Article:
Countless studies prove that human beings are social beings. We function better and are happiest when we have relationships with others. Family, friends, work colleagues, neighbours – we belong to all of these networks – and more – and within each we create emergent outcomes that are more than the sum of their parts.
Many of our most valuable achievements, from breakthrough scientific endeavours like the discovery of DNA by Watson and Crick, to majestic art like the ceiling of the Sistine Chapel, are the product of more than one person. Even when an individual has a marvellous idea or makes a remarkable discovery, it is generally the case that this can best be developed and enhanced in co-operation with other interested parties.
So it is clear that we (potentially) work well together. But there may be more to it than that. Regardless of how much we may complain about others, on both an informal and formal level human beings tend to congregate. We do this instinctively whether in village or towns or cities, guilds, unions or clubs. Almost in spite of ourselves we band together – not always for the common good – but nevertheless together. And even in the midst of awful human behaviour, such as war, we are most effective (for good and evil) when we work as collaborative, co-operative units.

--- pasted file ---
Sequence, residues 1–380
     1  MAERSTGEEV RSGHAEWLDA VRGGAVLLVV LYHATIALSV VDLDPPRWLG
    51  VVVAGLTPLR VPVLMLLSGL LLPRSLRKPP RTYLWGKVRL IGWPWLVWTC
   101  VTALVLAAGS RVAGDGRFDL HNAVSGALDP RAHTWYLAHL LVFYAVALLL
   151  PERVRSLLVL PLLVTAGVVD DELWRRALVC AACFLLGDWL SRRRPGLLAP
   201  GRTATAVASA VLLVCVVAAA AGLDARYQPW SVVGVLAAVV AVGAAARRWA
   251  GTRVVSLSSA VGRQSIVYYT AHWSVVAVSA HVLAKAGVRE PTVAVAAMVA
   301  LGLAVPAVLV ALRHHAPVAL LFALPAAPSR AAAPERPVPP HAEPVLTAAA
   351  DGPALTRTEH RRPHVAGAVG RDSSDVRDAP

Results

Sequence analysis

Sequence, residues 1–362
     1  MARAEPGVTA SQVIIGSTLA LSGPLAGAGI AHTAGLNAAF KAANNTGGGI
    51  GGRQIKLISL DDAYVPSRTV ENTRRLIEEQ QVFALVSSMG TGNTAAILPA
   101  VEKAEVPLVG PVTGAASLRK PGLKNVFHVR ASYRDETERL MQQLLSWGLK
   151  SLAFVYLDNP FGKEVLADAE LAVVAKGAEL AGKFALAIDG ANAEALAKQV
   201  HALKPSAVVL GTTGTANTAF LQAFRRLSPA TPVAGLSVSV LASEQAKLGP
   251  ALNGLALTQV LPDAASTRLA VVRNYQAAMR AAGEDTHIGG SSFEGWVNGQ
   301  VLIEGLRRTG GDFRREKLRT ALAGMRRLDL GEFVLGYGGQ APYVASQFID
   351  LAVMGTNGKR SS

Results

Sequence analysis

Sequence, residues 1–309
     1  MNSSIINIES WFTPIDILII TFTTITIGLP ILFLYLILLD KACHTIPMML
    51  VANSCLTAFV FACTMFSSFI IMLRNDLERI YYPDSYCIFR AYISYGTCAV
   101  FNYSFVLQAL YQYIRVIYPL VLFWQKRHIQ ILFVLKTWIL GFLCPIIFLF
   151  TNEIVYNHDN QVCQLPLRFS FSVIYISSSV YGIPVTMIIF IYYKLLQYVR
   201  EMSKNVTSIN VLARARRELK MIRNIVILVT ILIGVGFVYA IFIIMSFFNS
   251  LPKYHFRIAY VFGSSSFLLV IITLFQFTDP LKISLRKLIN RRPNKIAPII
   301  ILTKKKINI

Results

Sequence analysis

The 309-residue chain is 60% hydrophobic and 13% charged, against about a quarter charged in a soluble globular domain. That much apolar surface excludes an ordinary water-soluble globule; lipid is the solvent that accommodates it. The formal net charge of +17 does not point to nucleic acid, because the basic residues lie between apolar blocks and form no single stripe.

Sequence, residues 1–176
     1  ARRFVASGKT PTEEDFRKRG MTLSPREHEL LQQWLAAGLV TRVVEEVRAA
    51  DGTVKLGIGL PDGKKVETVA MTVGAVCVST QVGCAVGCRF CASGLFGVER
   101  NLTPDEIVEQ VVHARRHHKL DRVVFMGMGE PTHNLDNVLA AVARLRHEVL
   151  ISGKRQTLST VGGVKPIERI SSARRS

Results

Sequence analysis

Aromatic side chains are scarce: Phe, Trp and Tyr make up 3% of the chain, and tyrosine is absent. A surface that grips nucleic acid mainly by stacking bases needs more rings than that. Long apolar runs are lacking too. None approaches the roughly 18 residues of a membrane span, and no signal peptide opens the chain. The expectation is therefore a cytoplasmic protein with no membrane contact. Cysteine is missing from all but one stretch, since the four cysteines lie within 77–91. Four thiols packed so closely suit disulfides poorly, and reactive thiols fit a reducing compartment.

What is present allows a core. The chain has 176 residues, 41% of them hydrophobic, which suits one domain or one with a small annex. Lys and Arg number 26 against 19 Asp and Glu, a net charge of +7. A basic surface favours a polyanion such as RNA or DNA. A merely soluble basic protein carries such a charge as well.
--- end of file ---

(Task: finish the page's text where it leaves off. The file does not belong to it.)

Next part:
Our need for human contact is probably most simply demonstrated by our universal acceptance that solitary confinement – the deprivation of human contact – is universally seen as the harshest of punishments. And yet, notwithstanding all of that, most of our problems – personal and social – also spring from this area of life – social interaction.
The situation, therefore is this – we want to live together (mostly), we definitely need to live together, we tend to live together – the question is if we know how to happily live together? Surely it’s in all our interests to try to learn?